Now, the movement of people is front and center, with a new monumental skylit stair exposed through a transparent glass wall that replaces a portion of original brickwork at the main entrance. The entryway glazing incorporates large-scale images of Dr. King speaking, made up of rounded pixels, which are patterned to look like civil rights and campaign buttons.

Inside the landmarked Great Hall, the orthogonal rigidity of Mies remains, and where Mecanoo’s interventions begin, the architecture acquires a soft curvature, rendered in vertical strips of light wood backed with black acoustical felt, that distinguishes new from original.

Mecanoo's treatment of vertical wood slats over black acoustic felt—deployed wherever the firm added to the original architecture—keeps the double-height auditorium programs isolated from quiet research in nearby reading rooms. Photo © Deane Madsen

The bustle of street activity carries through to a lower-level creative zone with dance and recording studios as well as a fabrication lab replete with sewing, 3D printing, and other maker-space equipment. Children and teen libraries occupy the second level, with a stairwell-adjacent slide between the floors, visible from the street, further animating the interior. On the third level, a new double-height reading room, made by removing one bay of the floorplate above, offers a grand area for focused study. The fourth level houses the Library’s special collections and archival materials related to Washington at the building’s east and west ends, with the center occupied by a double-height auditorium; ascending to the top row of seating at its rear, visitors can exit to the roof-level garden and take in the city views.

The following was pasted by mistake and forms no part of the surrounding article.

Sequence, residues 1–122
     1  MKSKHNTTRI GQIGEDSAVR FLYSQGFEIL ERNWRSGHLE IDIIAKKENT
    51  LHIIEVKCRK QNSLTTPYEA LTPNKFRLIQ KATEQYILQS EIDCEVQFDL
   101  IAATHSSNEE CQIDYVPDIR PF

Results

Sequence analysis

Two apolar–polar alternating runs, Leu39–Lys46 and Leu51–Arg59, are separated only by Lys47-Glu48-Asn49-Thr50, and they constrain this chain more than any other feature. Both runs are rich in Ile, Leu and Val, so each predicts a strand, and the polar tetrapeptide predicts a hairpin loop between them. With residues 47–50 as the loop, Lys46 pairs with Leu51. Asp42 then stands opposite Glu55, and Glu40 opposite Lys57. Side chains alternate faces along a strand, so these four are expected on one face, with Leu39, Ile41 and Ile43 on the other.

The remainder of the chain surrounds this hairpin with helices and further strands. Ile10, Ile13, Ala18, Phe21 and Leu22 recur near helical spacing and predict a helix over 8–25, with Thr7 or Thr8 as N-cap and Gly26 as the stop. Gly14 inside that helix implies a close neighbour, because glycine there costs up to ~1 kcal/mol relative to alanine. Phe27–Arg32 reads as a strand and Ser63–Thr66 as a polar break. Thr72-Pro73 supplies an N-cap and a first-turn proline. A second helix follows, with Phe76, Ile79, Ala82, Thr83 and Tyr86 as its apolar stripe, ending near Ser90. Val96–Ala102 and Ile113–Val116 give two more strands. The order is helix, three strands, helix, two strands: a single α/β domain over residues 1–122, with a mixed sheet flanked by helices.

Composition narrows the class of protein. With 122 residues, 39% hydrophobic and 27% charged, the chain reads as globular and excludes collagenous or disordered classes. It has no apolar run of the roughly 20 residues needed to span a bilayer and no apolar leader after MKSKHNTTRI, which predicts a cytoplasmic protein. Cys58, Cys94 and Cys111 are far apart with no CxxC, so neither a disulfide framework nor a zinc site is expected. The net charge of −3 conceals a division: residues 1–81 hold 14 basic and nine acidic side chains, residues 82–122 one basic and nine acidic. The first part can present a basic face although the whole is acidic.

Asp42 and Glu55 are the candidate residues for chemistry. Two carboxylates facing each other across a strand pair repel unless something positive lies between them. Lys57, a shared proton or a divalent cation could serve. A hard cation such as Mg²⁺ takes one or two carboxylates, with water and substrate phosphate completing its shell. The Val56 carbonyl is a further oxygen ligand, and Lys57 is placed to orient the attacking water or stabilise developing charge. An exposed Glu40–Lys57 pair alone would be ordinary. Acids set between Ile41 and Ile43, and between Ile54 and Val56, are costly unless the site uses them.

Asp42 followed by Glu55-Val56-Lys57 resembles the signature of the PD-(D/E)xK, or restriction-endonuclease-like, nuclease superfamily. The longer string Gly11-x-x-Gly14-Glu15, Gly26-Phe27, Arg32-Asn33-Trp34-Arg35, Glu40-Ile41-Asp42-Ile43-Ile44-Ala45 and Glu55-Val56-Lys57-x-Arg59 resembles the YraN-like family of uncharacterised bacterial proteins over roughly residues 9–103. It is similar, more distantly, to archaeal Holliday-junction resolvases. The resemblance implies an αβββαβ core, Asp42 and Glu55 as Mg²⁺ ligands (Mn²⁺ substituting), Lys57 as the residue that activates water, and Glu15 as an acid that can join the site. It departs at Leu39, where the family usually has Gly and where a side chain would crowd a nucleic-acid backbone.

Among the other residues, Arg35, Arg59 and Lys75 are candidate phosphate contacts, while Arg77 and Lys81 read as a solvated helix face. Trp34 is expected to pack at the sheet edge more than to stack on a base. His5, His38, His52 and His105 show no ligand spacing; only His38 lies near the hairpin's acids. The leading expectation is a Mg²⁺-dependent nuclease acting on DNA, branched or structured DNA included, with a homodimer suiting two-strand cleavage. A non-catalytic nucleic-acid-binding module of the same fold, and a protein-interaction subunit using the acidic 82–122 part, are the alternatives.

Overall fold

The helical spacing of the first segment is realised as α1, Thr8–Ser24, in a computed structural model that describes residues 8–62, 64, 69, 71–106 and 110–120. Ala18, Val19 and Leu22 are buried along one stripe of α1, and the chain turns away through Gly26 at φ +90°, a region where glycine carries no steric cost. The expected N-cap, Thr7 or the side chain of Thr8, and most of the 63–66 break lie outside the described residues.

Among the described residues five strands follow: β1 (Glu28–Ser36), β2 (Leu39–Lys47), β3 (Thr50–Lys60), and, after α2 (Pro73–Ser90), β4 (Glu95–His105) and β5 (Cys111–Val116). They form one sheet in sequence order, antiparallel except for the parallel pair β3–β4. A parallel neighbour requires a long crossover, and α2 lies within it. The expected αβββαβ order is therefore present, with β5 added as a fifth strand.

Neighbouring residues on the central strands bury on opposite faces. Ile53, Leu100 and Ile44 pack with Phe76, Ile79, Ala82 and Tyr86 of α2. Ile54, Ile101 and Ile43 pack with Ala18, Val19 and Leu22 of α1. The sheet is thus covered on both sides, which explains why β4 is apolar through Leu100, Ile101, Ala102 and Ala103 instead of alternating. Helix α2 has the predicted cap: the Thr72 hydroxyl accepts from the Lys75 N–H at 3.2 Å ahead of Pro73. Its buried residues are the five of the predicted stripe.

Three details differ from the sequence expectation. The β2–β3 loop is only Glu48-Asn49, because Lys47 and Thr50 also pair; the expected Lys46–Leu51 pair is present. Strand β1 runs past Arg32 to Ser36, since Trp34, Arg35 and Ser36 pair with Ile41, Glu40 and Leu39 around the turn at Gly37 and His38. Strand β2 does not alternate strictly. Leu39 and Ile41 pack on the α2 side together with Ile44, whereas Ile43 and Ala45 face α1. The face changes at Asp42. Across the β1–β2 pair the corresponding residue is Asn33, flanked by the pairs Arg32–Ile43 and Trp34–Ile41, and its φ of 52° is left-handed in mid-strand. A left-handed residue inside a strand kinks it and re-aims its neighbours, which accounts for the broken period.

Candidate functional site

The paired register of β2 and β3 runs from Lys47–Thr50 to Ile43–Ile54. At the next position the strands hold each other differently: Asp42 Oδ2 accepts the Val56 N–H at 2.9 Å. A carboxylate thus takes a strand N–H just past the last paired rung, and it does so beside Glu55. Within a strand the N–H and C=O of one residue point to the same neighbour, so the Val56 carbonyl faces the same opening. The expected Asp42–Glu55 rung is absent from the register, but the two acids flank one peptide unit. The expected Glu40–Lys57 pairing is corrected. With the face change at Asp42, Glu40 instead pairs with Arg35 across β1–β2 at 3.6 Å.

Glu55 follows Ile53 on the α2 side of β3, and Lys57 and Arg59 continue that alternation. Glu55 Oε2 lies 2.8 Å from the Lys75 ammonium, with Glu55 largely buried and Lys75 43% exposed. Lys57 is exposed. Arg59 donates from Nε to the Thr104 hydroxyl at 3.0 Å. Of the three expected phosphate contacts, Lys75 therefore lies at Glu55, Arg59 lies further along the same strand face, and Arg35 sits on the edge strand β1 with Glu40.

On the second level, the children's reading room includes playful shapes and multiple scales of furniture. Photo © Deane Madsen

Libraries have emerged as a specialty for Mecanoo. “I’m called the library whisperer in the U.S.,” jokes Houben. Among the firm’s projects are two renovations for New York Public Library (NYPL): the Stavros Niarchos Foundation Library (formerly the Mid-Manhattan Library), which opened in July with limited services due to the pandemic; and the Beaux-Arts Stephen A. Schwarzman Building (the NYPL’s main branch), where work is ongoing. Mecanoo also has three current library projects in the Netherlands, and another in Tainan, Taiwan. “A big part of the population still thinks a library is just storage for books,” says Houben. “But it’s much more about knowledge sharing: you can do that with books, lectures, through meeting other people and learning from each other in a space that is very inclusive.”

Some day in the not-so-distant future, visitors to the MLK Memorial Library will be able to take advantage of the full range of opportunities for this knowledge sharing that the building has to offer. But in this phase of the District’s reopening, access will be limited to the library’s main level for quick book check-outs, computer use, and new library card applications.

The curvature of a new rooftop pavilion was informed by required setbacks that make it all but invisible from the street. Photo © Deane Madsen